Agenda Item 10: Spin-off Benefits of Space Technology
As prepared for delivery by Alternate Representative Kevin Conole
Vienna, Austria, June 6, 2022
Thank you, Mr. Chairman.
The United States continues to “bring NASA technology down to Earth.” Developed during NASA mission work, these innovations are made available to entrepreneurs, companies, academia, and other government agencies through the NASA Technology Transfer program. Each year, NASA technologies find new life through secondary uses such as cleaning up pollution around the country, growing better produce, and even preventing the spread of the novel coronavirus.
For more than 40 years, NASA has tracked examples of successful commercialization in its annual Spinoff publication. There are more than two-thousand documented space technologies improving life on Earth. The United States is pleased to highlight a few spinoff technologies with the Committee that are creating jobs, boosting the economy, and saving lives.
While the world works to heal after unprecedented challenges caused by the coronavirus pandemic, we can reflect on how our investments in space exploration helped us fight back here on Earth. Air purifiers and air-quality sensors born from decades of research to keep air fresh on the International Space Station have been utilized in places such as schools, hospitals, shopping centers, office buildings, airports, and even buses to slow the spread of the virus.
And the focus on a healthier planet doesn’t stop with mitigating the effects of the pandemic, NASA technology is playing a key role cleaning up contaminated industrial sites around the country, starting at NASA’s Kennedy Space Center. The site of our most historic launches is also home to one of the largest wildlife preserves in Florida. However, those launch sites were contaminated with chemicals that were once used to clean rocket engine parts but are now known to hurt wildlife and humans alike. Seeking to reverse the damage, NASA devised an innovative cleanup method that combines emulsified vegetable oil, water, and microscopic iron particles that attract and capture the toxic molecules. The technique is faster, cheaper, and less disturbing to the environment than other methods and is now being used to clean up contamination from a massive train derailment in Louisiana, where thousands of gallons of toxic chemicals have been causing problems for more than 30 years.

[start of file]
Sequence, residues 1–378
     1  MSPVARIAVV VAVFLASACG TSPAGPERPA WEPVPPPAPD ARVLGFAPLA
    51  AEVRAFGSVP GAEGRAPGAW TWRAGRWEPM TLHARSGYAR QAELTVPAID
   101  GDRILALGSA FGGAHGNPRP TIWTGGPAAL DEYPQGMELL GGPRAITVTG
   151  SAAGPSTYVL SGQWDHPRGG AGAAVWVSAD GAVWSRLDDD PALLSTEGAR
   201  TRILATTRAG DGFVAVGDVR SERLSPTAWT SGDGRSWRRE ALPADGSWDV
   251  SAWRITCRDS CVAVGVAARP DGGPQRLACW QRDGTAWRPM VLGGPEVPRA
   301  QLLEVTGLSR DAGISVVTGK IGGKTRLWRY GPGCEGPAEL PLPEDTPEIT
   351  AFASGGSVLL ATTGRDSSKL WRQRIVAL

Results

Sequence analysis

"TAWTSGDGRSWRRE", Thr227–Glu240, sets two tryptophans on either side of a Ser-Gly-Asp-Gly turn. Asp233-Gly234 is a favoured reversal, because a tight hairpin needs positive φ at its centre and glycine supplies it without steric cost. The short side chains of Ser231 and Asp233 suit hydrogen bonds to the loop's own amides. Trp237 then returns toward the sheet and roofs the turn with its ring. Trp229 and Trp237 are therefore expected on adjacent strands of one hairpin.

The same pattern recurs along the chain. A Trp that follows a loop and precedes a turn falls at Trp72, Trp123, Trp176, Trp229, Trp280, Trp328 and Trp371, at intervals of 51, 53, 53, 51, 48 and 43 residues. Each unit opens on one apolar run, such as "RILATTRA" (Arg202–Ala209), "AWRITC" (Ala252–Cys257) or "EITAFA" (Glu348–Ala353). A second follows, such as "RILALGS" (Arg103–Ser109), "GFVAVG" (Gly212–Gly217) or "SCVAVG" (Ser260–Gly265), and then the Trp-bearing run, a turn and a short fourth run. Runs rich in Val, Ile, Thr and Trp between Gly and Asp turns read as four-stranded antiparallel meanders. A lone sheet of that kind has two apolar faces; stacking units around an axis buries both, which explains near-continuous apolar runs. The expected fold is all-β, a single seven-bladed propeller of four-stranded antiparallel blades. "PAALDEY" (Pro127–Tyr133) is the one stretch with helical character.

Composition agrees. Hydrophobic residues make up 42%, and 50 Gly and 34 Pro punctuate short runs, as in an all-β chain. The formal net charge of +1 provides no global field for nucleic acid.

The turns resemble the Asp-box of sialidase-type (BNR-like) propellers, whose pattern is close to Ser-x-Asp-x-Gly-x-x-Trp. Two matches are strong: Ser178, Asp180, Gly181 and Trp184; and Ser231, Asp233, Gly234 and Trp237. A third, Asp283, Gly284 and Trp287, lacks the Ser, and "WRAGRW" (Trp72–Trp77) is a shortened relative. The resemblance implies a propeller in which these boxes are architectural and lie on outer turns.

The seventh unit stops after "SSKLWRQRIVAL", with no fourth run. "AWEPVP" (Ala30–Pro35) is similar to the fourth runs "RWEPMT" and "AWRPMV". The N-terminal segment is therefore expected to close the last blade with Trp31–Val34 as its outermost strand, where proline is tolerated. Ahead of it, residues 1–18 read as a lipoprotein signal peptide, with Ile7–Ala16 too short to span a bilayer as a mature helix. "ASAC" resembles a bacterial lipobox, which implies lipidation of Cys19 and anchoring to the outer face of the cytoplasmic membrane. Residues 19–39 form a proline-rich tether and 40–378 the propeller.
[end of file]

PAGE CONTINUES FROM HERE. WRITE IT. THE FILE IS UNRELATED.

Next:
Our investments in space exploration are not only helping to keep our planet green, but they are also helping to bring the green to the dinner table, too. Vertical farming techniques first developed to feed astronauts on long duration missions are now enabling sustainable, high-yield crop growth with a small footprint. This approach to farming had to make use of a limited water supply, minimal energy consumption, and no sunlight, and it couldn’t use soil as a growth medium. By farming indoors, scientists were also able to eliminate chemicals, drought, and pests. Now, several companies are using this research to bring fresh produce such as lettuce and potatoes to grocery store shelves. In fact, the entire controlled environment agriculture industry has roots in this NASA research.
These are just a few examples of the ways we ensure innovations developed for space exploration are benefitting the nation by creating jobs, protecting the planet, and improving lives globally.
Additional information about these and other spinoffs can be found in the NASA publication, Spinoff 2022, which can be found online (at https://spinoff.nasa.gov/).
Thank you, Mr. Chairman.